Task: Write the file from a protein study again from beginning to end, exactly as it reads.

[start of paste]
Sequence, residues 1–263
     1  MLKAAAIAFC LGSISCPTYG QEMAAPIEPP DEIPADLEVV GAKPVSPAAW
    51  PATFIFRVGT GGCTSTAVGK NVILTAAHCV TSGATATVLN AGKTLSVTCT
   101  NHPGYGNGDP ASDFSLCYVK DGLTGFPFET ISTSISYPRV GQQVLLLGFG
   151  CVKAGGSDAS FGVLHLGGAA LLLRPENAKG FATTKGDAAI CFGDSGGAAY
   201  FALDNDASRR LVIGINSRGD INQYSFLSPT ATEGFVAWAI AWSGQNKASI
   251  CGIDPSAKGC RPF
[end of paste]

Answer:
Sequence, residues 1–263
     1  MLKAAAIAFC LGSISCPTYG QEMAAPIEPP DEIPADLEVV GAKPVSPAAW
    51  PATFIFRVGT GGCTSTAVGK NVILTAAHCV TSGATATVLN AGKTLSVTCT
   101  NHPGYGNGDP ASDFSLCYVK DGLTGFPFET ISTSISYPRV GQQVLLLGFG
   151  CVKAGGSDAS FGVLHLGGAA LLLRPENAKG FATTKGDAAI CFGDSGGAAY
   201  FALDNDASRR LVIGINSRGD INQYSFLSPT ATEGFVAWAI AWSGQNKASI
   251  CGIDPSAKGC RPF